In a legal context, a liability is a responsibility to compensate for a failure to perform an obligation under a contract. In logistics, liability of logistics services providers is limited by international conventions and local legislation of individual countries. To protect the rights and interests of the various players involved in the supply chain and to avoid excessive material burden on any single party, certain restrictions are in place in the event of liability.
Limitations of the Carrier's Liability
The liability of the carrier, and accordingly the forwarder, for loss and damage to cargo is limited by international conventions, agreements and protocols including, without limitation:
For Air Freight
The Warsaw Convention and The Hague Protocol which limit the forwarder’s liability to an amount no greater than 250 (two hundred fifty) francs or 19 SDR per gross kilogram of the cargo lost or damaged.
For Road Haulage
The CMR Convention which limits the liability of the forwarder to an amount no greater than 8.33 SDR per gross kilogram of the cargo lost or damaged.
For Sea Freight
The UN Convention on the Carriage of Goods by Sea, which limits the carrier's liability for damage caused to 835 SDR per package or 2.5 SDR per kilogram of gross weight of the cargo lost or damaged.
For Carriage by Rail
The Convention concerning International Carriage by Rail (COTIF), which sets the limit for the liability of European railways at 17 SDR per kilogram gross weight of cargo lost or damaged.
Limitations of Third Party Liabilities
The freight forwarder may involve third parties to organize shipment of a particular cargo. The third parties may be cargo agents, customs authorities, brokers, warehouse employees, port authorities, ground handling agents, and others. The liability of third parties for loss or damage of cargo is almost always limited by local laws of the countries in which the third parties provide services and where the loss or damage of cargo occurred.
Forwarder's Role in the Supply Chain
Forwarder plays a central role in the supply chain, organizing and controlling all processes related to cargo transport, handling, storage, packing / labeling, loading / unloading, etc. Forwarder is also responsible for choosing the best routes and shipping mode, searching a suitable carrier, preparing shipping documents, taking care of customs clearance, cargo insurance, etc.
Depending on the responsibilities it takes on, the forwarder may act as Agent or Principal, which defines the limitations of its liability. The Freight Forwarder acts as Agent when it provides services through third parties to perform its duties. The Forwarder may as well provide services using its own resources, i.e. as Principal if it:
● issues its own transport document such as an air waybill with its own prefix
● uses its own equipment - vehicle fleet, hardware, etc - directly assuming the liability of the carrier
● mobilizes its own employees for the provision of logistics services
Freight Forwarder's Liability Limitations
When dealing with a freight forwarder, customers should understand that in the event of any incident (theft, loss, damage, delay, seizure of cargo), the freight forwarder cannot not be held fully liable for all damages since it acts more as an aggregator of a range of logistics services than a direct supplier. Normally the forwarder's liability is limited by the same international conventions that apply to carriers. The freight forwarder is also liable for loss or damage to cargo and related costs if the direct fault of the freight forwarder is established in the provision of services as principal (e.g. negligence). It should also be noted that the forwarder is not responsible for the actions (or inaction) of third parties that it hires, if it exercised proper due diligence in choosing, instructing or controlling them.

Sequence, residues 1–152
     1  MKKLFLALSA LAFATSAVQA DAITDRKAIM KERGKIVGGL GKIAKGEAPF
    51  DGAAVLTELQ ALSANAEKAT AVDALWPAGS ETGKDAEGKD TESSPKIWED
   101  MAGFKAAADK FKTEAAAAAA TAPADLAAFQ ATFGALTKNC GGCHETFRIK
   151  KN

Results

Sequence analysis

The forwarding agreement and / or Standard Terms and Conditions, as a rule, contain a clause on the limitations of the freight forwarder's liability. The Forwarder will not assume direct or indirect liability for any damages where:
● Customer or its representatives’ fault is established;
● Customer or its representatives provides incorrect information;
● Packing or labeling is incorrect or missing;
● Force majeure situations come into force.
How to Protect Your Cargo From Supply Chain Risks
Due to liability limitations of the players in the supply chain, it is important that you understand the risks involved and adequately protect your cargo.
● A qualified freight forwarder proactively takes necessary steps to minimize all possible supply chain risks. A forwarder is in need is a forwarder indeed - no matter what happens, it will not throw you or your cargo under the bus and will go the extra mile to solve any problems.
● Cargo insurance undoubtedly is the surefire way to protect your assets throughout the entire journey. Insurance coverage helps to minimize potential material losses both for the owner and the other players in the logistics chain.
● Safety of your cargo also depends on the quality of its packing and labeling, which helps protect the cargo against all sorts of damage and/or loss during shipment and handling. Packing must comply with international standards and ensure safe and reliable shipping.
Xscale is a logistics and supply chain management company headquartered in Singapore. We operate out of our hubs in Singapore, Tashkent, Frankfurt and London, providing a complete range of logistics and procurement services to businesses around the world. We combine our global network, industry expertise and highly competent professionals to work alongside our customers and solve their supply chain challenges. Contact Us if you require any assistance.